Romain Fornell: “We’re chefs in Spain, but with French roots”


The French chef who has settled in Catalonia and who is in charge of more than a dozen restaurants, including Caelis –with a Michelin star-, came up on stage at the Auditorium to defend his French roots. To do this, he makes use of the preparation of three sauces and essential juices in the French cookbook, and in ours, and the basis for many dishes.

Romain Fornell starts his presentation by introducing the cooking team from several of his restaurants who help him to prepare the base for three sauces.  “We are chefs in Spain, but with French roots. We need to defend this type of cuisine. It looks like we are going back to things that are more coherent than what was being done a few years ago. They are sauces, juices and bases that comfort us and give us pleasure”, Fornell claims. 

One of the basic elements in these sauces, juices and stocks is butter “which helps to fix the flavours, and concentrate them, although you shouldn’t overuse them”, he says. And he adds “We’ll use them in two of the three recipes because today it’s all about defending our cuisine –referring to French cuisine- which is not one based on olive oil, that’s from the South of France, but the cuisine of the West of the country and the area of Lyon and Paris”. 

The first recipe is a beurre blanc, that is typical of Brittany, with a Nantes wine reduction, shallot and butter (which is added very cold so that a temperature contrast occurs). The mixture is stirred at a low heat, patiently, until it becomes more consistent. “It would be the perfect base for a steamed sea bass that, if we like, caviar can be added to. It’s a sauce, but it could perfectly well be a dish”, he points out. 

The second recipe is the base for all meat stocks. “It is caramelised, strongly with a drop of oil, for example, some langoustines, although it can be used to make a meat, fish or other seafood stock… it’s the same base. The concentration of flavours is achieved by caramelisation”, he claims. The langoustines are seared, opened down the middle with the head cut off, and they are deglazed. “The more colour they acquire, the tastier they are”, he explains. He adds garlic, a bay leaf, onion, “and you can also add white wine or brandy. It is left to cook for 20-30 minutes and herbs are added to enhance the flavour. “It is one of the sauces that forms part of our culinary heritage”, he points out.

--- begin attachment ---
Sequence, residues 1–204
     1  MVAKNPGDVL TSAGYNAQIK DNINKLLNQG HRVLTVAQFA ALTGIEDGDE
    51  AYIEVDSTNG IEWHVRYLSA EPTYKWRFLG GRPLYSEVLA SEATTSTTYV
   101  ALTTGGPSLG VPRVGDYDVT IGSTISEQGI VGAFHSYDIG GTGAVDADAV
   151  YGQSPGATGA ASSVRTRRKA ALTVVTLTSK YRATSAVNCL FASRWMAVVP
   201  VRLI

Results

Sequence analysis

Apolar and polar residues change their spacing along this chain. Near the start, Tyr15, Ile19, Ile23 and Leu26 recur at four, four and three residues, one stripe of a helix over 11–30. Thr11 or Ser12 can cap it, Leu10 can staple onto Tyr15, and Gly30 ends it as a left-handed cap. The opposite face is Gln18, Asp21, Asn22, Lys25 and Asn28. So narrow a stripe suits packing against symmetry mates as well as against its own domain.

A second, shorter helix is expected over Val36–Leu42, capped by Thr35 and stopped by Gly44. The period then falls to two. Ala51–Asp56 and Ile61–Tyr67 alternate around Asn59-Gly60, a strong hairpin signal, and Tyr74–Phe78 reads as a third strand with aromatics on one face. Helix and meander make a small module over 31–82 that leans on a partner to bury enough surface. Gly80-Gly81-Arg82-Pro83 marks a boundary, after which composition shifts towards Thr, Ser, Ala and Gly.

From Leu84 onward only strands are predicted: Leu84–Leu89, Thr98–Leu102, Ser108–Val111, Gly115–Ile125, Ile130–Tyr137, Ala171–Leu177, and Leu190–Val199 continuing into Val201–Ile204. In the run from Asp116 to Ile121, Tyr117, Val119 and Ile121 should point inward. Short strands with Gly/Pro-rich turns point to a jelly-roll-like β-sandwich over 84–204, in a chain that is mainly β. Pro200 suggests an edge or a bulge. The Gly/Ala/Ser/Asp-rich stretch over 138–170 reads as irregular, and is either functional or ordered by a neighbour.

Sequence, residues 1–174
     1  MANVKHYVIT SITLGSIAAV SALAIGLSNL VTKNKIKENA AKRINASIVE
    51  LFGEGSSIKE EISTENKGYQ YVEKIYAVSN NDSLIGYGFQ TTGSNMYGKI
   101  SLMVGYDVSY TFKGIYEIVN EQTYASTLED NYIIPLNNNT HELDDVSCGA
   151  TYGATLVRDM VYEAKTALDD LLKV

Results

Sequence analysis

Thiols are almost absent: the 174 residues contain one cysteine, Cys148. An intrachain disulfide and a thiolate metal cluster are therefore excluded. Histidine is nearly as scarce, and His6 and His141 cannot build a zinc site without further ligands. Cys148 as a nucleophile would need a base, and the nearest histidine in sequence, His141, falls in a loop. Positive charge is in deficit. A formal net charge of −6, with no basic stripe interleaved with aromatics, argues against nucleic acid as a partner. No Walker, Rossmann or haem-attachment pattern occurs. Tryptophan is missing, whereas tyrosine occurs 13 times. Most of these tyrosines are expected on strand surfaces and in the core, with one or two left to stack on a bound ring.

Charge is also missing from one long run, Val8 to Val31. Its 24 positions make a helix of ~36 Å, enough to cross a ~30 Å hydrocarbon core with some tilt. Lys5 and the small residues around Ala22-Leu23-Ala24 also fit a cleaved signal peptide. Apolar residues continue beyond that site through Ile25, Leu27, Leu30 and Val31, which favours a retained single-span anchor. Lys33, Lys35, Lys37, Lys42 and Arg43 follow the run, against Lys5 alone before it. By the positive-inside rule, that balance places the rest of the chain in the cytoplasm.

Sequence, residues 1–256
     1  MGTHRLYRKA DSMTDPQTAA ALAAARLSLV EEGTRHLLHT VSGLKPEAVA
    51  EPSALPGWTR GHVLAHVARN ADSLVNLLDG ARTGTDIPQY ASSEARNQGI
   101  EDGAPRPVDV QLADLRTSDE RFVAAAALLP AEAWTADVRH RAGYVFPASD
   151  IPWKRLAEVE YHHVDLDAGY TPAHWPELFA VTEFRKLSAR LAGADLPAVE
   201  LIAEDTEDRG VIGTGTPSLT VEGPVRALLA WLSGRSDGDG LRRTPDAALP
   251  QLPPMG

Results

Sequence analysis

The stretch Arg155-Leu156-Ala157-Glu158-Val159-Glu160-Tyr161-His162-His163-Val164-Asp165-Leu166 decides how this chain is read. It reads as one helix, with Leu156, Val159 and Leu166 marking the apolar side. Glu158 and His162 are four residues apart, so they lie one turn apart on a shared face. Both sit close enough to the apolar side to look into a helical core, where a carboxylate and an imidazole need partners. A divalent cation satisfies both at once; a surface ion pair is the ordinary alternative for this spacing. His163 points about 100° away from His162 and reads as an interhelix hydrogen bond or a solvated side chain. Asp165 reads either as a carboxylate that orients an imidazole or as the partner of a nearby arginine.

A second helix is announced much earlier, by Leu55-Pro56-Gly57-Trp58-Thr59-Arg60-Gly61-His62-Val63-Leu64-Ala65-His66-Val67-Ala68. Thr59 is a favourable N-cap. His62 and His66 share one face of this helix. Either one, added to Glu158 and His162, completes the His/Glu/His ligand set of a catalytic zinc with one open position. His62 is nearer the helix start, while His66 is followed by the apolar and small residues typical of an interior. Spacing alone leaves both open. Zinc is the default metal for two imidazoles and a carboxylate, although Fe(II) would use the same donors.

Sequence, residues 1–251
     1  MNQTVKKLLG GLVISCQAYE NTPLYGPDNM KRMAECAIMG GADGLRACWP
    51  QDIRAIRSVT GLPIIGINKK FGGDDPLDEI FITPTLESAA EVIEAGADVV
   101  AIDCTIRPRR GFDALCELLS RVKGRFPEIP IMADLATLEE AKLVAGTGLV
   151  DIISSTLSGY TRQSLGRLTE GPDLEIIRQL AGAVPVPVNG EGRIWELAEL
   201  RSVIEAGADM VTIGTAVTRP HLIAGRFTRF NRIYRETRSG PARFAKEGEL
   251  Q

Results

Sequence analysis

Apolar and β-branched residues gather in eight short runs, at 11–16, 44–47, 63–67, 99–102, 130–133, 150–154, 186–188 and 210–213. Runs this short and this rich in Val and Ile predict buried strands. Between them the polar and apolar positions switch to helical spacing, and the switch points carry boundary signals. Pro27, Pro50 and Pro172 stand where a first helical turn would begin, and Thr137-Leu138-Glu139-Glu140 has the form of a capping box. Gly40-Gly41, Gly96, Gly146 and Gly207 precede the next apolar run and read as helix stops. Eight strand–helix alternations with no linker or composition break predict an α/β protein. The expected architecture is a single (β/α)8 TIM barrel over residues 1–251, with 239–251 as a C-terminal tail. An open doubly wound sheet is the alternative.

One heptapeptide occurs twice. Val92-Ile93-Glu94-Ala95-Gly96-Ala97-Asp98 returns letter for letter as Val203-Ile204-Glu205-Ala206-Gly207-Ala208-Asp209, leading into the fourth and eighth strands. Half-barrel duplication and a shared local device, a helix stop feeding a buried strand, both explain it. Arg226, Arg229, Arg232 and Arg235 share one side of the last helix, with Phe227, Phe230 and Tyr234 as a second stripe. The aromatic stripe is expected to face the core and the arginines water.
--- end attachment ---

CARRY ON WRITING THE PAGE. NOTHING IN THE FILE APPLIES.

The third recipe is a Béarnaise sauce. “It goes perfectly with roast beef, with a grilled steak. It’s an important bistro recipe in France. It’s originally from Paris”. But its preparation uses shallot, a vinegar reduction in a pan and tarragon, and is gradually beaten. “We add yoke, but it doesn’t need to set. It is beaten as if it were mayonnaise and it’s not served hot or cold”, he explains. “It’s an easy, common, popular recipe, but behind it there needs to be a lot of savoir faire”, he says in closing. 






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